- Series: Medieval Texts in Translation
- Paperback: 163 pages
- Publisher: The Catholic University of America Press; New edition edition (January 1, 1999)
- Language: English
- ISBN-10: 0813209382
- ISBN-13: 978-0813209388
- Product Dimensions: 6.2 x 0.8 x 9.2 inches
- Shipping Weight: 11.2 ounces (View shipping rates and policies)
- Average Customer Review: 5 customer reviews
- Amazon Best Sellers Rank: #136,321 in Books (See Top 100 in Books)
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Handbook for William: A Carolingian Woman's Counsel for Her Son, trans. by Carol Neel (Medieval Texts in Translation) New edition Edition
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"Makes Dhuoda's work accessible to students of all levels. Undergraduates in history, women's studies, and theology--as well as educated and interested persons generally--can now enter fully into the mind and world of a Carolingian woman who lived in dramatic times and struggled with painful challenges. . . . As they see Dhuoda plumb the resources of religious and wordly wisdom available to her, they will better understand the worldview that pervaded Carolingian society and, with various permutations, endured for subsequent centuries. Her reflections on worldly status, ruminated against the horizon of eternal realities; her understanding of the moral conflicts inherent in the layers of feudal authority; her concern for justice, mercy, and generosity within a military society--all of this will challenge the facile generalizations about the Middle Ages still too widely held by the general public, and even among scholars."--Speculum
"A handy translation of a work which has come into prominence only recently, not least as a result of feminist approaches. . . . The translation is clearly set out and the notes include biblical references and brief explanations with reference to P. Riche's standard edition."--The Year's Work in Modern Language Studies
"Among the vast body of literature thrown up by the Carolingian Renaissance, few texts have the charm of this book of advice written by a mother to her son in the confused political situation which followed the death of Louis the Pious in 840. . . . Texts written by women are uncommon in this period, as are those by members of the laity; having been written by a laywoman, Dhuoda's Handbook is of outstanding interest in various ways. . . . Neel has done a fine job. . . . The book effectively presents a text which is interesting in many ways, and deserves a wide readership."--Parergon, Journal of the Australian and New Zealand Association for Medieval and Early Modern Studies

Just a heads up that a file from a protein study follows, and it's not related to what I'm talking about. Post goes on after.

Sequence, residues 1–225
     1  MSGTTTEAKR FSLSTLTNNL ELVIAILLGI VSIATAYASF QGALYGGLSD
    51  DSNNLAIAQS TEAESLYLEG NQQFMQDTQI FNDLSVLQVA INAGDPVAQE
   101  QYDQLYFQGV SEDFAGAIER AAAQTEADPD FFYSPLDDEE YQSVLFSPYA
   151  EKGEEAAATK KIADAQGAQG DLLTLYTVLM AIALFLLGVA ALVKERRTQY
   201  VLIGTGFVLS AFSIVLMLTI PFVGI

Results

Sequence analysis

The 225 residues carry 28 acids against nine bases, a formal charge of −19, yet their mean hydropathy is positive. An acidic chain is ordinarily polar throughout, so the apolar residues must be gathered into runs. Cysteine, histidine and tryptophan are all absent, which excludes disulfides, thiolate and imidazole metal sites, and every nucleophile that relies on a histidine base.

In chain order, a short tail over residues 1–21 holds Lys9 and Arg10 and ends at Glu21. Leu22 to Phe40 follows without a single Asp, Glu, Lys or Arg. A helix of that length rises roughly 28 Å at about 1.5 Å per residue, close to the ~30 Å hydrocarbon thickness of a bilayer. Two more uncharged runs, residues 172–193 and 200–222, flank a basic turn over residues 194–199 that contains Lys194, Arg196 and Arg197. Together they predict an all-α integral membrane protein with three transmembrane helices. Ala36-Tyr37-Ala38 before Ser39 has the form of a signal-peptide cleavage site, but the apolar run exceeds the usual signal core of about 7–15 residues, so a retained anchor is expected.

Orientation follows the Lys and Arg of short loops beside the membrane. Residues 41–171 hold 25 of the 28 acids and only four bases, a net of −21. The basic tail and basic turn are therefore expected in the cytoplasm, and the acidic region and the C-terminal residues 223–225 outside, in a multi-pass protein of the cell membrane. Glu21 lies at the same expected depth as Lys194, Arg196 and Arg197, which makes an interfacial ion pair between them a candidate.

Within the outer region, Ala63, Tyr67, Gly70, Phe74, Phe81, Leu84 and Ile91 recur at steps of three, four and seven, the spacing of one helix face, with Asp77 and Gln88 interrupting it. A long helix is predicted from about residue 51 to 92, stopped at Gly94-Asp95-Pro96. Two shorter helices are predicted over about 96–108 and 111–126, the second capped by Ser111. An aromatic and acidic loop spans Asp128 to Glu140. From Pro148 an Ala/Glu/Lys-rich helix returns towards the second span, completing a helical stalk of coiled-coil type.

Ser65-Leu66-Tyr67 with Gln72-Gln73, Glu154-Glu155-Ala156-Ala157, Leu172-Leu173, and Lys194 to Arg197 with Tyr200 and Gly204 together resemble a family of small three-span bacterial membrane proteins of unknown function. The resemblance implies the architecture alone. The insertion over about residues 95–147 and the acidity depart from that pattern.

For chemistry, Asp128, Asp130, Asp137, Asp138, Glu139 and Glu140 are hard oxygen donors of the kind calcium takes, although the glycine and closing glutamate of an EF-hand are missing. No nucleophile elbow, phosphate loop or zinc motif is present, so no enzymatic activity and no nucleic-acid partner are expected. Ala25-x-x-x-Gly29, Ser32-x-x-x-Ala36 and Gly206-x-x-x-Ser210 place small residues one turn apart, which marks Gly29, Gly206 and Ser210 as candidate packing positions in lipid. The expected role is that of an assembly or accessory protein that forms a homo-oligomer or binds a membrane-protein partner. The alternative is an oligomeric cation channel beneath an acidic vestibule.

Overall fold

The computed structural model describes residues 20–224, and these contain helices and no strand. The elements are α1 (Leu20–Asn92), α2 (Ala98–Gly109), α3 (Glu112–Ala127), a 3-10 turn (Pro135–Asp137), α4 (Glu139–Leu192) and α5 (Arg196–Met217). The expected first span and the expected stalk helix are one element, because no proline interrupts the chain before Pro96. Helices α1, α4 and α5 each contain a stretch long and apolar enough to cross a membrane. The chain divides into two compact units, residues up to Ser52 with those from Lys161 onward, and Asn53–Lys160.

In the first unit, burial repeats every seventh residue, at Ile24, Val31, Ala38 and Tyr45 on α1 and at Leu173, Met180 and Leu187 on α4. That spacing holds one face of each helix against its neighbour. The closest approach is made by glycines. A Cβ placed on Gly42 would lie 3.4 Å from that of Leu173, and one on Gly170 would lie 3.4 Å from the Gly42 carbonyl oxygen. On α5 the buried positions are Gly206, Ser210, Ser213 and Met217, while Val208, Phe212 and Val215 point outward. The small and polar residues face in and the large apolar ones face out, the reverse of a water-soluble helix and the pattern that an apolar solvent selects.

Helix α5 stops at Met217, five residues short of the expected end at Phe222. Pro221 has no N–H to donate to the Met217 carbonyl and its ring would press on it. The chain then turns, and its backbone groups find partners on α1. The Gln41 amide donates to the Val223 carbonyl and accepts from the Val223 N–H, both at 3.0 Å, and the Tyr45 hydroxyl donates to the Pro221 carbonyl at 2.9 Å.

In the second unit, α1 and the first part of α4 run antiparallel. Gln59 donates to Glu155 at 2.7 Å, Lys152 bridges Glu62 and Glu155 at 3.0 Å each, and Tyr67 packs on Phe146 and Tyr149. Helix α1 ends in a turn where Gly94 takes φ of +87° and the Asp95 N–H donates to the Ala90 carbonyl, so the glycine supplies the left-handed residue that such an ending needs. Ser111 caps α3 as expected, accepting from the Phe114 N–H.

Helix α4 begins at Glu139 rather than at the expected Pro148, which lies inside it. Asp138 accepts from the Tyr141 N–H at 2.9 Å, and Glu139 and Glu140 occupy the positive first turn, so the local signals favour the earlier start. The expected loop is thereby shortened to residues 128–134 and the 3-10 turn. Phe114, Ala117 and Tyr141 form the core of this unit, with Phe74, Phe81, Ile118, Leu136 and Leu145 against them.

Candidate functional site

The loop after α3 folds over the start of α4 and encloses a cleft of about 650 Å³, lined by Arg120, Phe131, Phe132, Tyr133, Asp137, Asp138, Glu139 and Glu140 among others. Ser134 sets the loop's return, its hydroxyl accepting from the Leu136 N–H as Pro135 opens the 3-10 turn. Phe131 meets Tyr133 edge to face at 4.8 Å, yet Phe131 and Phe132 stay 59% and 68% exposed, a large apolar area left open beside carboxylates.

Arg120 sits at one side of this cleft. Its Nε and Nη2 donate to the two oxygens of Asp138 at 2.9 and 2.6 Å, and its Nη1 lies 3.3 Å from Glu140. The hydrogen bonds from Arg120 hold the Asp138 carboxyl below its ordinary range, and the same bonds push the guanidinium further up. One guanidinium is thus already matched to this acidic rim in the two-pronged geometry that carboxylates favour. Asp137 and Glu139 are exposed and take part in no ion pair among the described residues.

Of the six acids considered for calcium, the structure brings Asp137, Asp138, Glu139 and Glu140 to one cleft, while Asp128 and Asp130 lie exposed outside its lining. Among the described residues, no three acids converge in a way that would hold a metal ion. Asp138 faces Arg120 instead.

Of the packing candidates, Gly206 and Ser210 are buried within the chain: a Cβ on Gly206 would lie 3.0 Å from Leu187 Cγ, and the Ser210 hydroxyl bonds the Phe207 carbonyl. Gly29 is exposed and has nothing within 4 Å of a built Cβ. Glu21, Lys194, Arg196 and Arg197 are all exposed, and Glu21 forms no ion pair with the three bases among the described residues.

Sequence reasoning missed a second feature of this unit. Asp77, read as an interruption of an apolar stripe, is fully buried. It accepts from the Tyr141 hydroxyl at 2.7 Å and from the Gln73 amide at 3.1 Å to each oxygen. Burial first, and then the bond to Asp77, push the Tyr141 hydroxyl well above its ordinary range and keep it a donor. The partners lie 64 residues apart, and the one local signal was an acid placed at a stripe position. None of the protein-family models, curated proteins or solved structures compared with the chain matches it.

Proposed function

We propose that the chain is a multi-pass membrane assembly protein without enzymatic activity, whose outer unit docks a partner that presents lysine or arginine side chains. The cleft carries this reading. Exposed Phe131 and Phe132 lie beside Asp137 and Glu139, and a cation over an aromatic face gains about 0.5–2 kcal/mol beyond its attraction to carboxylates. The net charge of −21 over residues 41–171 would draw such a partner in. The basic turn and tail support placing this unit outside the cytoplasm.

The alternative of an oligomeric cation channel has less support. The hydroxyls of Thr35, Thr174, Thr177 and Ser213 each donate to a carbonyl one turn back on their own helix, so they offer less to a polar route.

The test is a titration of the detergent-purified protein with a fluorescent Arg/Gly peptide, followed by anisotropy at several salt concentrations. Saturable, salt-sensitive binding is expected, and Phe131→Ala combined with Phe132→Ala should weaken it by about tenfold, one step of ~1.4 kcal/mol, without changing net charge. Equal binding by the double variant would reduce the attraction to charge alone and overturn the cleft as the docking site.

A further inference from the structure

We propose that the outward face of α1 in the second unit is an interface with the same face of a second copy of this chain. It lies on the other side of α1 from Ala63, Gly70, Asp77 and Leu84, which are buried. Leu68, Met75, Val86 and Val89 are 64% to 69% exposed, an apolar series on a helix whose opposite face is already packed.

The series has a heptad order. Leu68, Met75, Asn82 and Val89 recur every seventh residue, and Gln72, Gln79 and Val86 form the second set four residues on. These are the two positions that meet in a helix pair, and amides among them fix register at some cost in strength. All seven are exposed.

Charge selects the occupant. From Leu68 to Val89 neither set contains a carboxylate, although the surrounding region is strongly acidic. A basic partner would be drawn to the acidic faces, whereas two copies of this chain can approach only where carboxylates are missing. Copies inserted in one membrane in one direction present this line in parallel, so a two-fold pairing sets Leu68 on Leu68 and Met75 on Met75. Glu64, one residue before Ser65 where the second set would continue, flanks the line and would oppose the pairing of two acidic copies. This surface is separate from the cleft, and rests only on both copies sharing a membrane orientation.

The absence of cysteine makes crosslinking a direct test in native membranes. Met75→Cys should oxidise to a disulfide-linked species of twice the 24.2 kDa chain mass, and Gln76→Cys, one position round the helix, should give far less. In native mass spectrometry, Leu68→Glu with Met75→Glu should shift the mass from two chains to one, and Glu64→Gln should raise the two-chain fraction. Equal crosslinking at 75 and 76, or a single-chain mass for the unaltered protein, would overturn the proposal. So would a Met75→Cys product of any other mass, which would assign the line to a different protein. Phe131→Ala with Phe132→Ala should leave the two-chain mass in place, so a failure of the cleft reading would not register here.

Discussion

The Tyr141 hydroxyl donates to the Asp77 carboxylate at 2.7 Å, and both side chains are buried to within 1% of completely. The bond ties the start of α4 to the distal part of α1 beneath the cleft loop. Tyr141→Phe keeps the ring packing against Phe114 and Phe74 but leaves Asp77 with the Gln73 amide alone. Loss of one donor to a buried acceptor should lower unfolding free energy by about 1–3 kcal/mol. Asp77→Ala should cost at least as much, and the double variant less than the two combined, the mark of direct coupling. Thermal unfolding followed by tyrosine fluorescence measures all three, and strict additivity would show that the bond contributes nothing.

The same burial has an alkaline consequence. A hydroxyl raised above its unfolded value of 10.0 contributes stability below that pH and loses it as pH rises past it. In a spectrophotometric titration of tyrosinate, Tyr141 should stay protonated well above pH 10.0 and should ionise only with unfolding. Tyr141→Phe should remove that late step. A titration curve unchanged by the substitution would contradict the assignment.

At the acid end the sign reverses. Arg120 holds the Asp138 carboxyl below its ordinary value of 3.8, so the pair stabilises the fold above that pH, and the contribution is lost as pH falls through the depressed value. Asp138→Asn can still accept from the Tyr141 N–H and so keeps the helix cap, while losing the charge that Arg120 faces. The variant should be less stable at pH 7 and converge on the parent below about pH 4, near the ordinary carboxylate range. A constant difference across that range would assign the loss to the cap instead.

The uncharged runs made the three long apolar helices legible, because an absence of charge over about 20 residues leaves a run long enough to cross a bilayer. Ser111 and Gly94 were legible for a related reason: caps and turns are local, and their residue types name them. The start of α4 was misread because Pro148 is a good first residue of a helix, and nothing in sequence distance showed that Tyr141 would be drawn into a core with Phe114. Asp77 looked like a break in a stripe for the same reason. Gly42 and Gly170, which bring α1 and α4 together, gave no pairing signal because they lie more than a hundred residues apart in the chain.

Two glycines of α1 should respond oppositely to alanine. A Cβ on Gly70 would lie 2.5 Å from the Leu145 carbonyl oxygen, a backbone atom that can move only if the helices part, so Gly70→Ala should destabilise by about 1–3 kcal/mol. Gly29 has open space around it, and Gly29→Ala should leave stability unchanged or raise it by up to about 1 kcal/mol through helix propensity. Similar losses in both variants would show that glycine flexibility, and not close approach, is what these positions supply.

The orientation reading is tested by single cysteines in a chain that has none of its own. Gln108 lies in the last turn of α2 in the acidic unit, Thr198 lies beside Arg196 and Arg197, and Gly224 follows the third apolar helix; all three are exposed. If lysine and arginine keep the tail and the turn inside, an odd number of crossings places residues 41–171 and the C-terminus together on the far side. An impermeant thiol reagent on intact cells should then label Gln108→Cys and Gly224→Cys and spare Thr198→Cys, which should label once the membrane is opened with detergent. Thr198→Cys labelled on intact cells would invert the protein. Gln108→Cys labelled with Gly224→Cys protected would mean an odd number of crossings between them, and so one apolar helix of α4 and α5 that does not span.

"A remarkable, if not absolutely unique example of an early medieval woman's efforts in literary creativity. . . . Neel's first English translation of Dhuoda's Latin has already been confirmed to be concise and adequate. She presents a straightforward text which proves to be clear and understandable and beautifully illustrates the author's original stylistic, rhetorical, and organizational skills in writing her text. . . ."--Mediaevistik
Text: English (translation)
Original Language: Latin
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Handbook for William is a delightful, fascinating, and (yes, I'll say it) touching text. It has an almost fantastic (as in the genre) quality to it. Dhuoda is of interest to anyone with a taste for Carolingian Studies (a Radisson ballroom-sized group of people, I imagine), or in any number of medieval disciplines (women's studies, family life, religion, etc.)
The book it most closely reminds me of-- in overall flavor, rather than content-- is The Book of Margery Kempe. It has that same intimacy, that same semi-confessional, semi-conversational flavor. Considering it is basically a very long letter written from a mother to her teenage son, one can expect that. Over a thousand years later, Dhuoda comes across as an actual human being (not merely an Historical Personage of Some Note) and, because of the "handbook" aspect of her work, you're not constantly evaluating her motives (e.g., Caesar's "Conquest of Gaul")
Her concern for her husband (a traitor to the King!) and children (held hostage!), her own declining health, her isolation and loneliness, her desire to both aide her children and leave something of worth behind... it is very provacative. Her notions of what a boy should know are also fascinating, touching on everything from "how to suck up to the king even though he's probably going to kill you," her weird Christian Mysticism and numerological obsessions, and even her pride in her learning and the quality of her work reveal things about the late Empire that are not covered anywhere else (e.g., what a woman of high social status would know and what she'd teach her children). There is even a faint whiff of "hey this is pretty good, other people should check this out." That sense not only makes you "like" her, it makes it a little amusing when she's wrong about things, too. Thoroughly great stuff, easy to read, and food for thought on intellectual and emotional levels, historical and philosophical levels, all sorts of levels.
This translation is excellent, and the book is good quality. Buy it, read it, tell your friends. Dhuoda deserves a more widespread fame.
For students of history, the book has a great deal to show us, from Dhuoda's evident high level of education to the occasional fascinating details of her life story. Incidentally, this book also puts the lie to those historians who have claimed from time to time that medieval people did not grow attached to their children, or even that they did not love them! Although we know from other sources that Dhuoda's son's life did not end happily, we know little about Dhuoda herself beyond this book. In short, Dhuoda's viewpoint is a powerful and important one, and is easily accessible to the modern reader.